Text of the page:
The way the Ignis drives is defined by its low weight. Even the hybrid version with its four driven wheels and heavy batteries tips the scales at 920kg, while the bog standard car weighs an impressive 855kg – just five kg more than an old Citroen AX with safety credentials akin to a milk carton.
As anyone from motorsport will tell you the easiest way to make a car handle better and go faster is to lose weight. And, as a result, the featherweight Ignis displays the sort of agility and keenness on turn in that was long missing from the class. It’s a shame Suzuki couldn’t fit it with the 1.0-litre Boosterjet engine that would give VW’s 1.0-litre TSi a real run for its money.
Yes, the steering is absolutely devoid of feel, but it’s pleasingly light around town where this car was made for. The ride also isn’t perfect – big potholes are quite intrusive and the Suzuki likes to bounce around on poor quality roads.
Wind and road noise are fine around town but quite vocal out on the motorway. One can argue that a small dinky car such as the Ignis should be predictably poor out on the open road, but the Skoda Citigo is better equipped when it comes to travelling long distances.
The Suzuki Ignis sits on a new platform that will form the basis of the new Swift city car and one that has already been used in the Baleno hatchback. Suzuki’s new 1.0-litre Boosterjet engine is available with the Baleno and the Swift soon too but, unfortunately, the Ignis only gets an older 1.2-litre petrol.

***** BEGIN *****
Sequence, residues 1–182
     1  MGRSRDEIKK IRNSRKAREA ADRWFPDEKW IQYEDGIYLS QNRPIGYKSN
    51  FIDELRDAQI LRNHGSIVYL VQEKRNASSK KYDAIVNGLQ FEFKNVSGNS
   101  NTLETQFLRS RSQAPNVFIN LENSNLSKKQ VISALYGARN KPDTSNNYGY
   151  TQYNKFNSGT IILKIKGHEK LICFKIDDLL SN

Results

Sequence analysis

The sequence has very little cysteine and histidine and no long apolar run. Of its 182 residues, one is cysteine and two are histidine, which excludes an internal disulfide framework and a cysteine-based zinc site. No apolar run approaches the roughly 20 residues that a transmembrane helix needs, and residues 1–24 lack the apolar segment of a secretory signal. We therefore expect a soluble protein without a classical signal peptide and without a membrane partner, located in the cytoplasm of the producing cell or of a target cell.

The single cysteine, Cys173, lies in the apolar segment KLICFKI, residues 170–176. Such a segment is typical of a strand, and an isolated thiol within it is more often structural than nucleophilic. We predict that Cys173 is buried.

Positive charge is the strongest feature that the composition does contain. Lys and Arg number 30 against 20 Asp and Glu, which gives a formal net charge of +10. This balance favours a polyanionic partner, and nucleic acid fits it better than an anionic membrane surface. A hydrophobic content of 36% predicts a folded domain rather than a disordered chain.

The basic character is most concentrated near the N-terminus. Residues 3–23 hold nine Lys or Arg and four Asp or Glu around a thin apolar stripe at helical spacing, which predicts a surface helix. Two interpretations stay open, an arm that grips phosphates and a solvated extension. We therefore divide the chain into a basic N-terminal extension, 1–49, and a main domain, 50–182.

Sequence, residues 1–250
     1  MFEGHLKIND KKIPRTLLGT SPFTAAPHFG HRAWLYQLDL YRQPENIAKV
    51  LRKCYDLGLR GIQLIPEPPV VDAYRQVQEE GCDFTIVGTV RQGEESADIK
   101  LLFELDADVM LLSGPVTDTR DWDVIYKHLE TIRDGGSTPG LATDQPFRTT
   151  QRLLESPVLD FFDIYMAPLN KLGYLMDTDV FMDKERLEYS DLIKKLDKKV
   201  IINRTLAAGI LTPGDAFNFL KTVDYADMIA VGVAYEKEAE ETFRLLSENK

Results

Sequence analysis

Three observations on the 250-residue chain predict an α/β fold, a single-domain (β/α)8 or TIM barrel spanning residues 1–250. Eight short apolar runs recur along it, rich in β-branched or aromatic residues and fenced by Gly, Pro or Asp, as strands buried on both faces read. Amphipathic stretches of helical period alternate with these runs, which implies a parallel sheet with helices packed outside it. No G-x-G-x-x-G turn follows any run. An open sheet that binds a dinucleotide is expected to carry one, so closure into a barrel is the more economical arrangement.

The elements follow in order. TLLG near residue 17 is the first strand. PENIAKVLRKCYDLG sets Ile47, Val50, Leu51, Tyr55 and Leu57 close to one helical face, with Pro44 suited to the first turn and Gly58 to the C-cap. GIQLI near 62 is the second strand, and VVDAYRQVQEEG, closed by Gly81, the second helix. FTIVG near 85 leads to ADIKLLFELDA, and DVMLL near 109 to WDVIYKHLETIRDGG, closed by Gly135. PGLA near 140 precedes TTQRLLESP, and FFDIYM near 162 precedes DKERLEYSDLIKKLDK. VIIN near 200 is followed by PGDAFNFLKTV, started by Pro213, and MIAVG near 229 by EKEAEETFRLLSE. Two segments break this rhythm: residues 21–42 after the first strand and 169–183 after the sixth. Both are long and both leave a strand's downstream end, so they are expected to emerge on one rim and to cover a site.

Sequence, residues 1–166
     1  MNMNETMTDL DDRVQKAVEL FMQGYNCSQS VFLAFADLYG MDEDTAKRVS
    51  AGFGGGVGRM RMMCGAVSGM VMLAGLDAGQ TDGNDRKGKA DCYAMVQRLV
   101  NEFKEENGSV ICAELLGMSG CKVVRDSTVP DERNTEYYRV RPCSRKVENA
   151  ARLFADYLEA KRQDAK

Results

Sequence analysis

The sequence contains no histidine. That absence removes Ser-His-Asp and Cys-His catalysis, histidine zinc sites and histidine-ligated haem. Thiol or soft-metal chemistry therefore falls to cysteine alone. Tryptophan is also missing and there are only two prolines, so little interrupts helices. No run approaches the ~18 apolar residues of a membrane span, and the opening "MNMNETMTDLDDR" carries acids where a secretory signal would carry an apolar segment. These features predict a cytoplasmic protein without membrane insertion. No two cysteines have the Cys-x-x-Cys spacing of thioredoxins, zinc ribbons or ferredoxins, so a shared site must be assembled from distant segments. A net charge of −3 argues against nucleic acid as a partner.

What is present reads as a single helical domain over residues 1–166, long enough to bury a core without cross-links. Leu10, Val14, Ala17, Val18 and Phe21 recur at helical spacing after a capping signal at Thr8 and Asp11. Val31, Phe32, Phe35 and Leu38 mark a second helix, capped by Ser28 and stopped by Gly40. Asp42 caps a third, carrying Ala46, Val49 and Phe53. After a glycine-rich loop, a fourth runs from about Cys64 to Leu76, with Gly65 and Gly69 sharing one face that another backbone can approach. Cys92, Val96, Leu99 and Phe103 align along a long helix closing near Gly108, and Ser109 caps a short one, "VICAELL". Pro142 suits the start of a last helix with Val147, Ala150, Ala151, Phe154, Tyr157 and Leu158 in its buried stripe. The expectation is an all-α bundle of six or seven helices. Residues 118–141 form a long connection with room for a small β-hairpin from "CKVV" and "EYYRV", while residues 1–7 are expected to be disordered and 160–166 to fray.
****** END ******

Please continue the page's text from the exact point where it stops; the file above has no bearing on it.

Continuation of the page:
The 1.2-litre produces 89hp and even though the official 0-62mph time of 12.2 seconds may lead you to believe otherwise, the Suzuki feels quite lively, provided you don’t mind stirring up the revs and gears on inclines. Suzuki says it can average 61mpg and emit 104g/km of CO2 for £20 annual road tax and, even if you thrash it, 50mpg should be an achievable target.
The standard five-speed manual is perfectly weighed and a joy to shift, but the same can’t be said about the automated manual.
Suzuki Ignis Hybrid
Using the same engine, but aided by a small electric motor to drive the rear wheels, the Suzuki Ignis Hybrid promises low running costs as well as more than enough off-road ability for most supermini buyers – the Ignis is no Panda 4×4, but will get you up the occasional wet field or snowy driveway no problem. You can spec up Suzuki’s ALLGRIP four-wheel-drive system on the non-hybrid model but there it only adds weight and, because the ride height is the same across all models, you don’t really get that much more off-road capability.
Thanks to the low-down torque boost from the hybrid system the 0-62mph time is cut down by two seconds, but there aren’t many other reasons to go for the more expensive version. Fuel economy of 66mpg is close to what the regular model can return, road tax costs remain the same, and boot space is taken up by the hybrid’s batteries.
With cars like the new Baleno and the latest version of the Vitara, Suzuki’s on a roll and the Ignis should do nothing to slow its charge. It’s got everything needed to succeed in the class – cheap running costs, tardis interior space and nippy dynamics – blanketed in the crucial prerequisite of extremely cute looks. The VW Up is no longer the default choice in the class and it’s a humble Suzuki that has taken it down.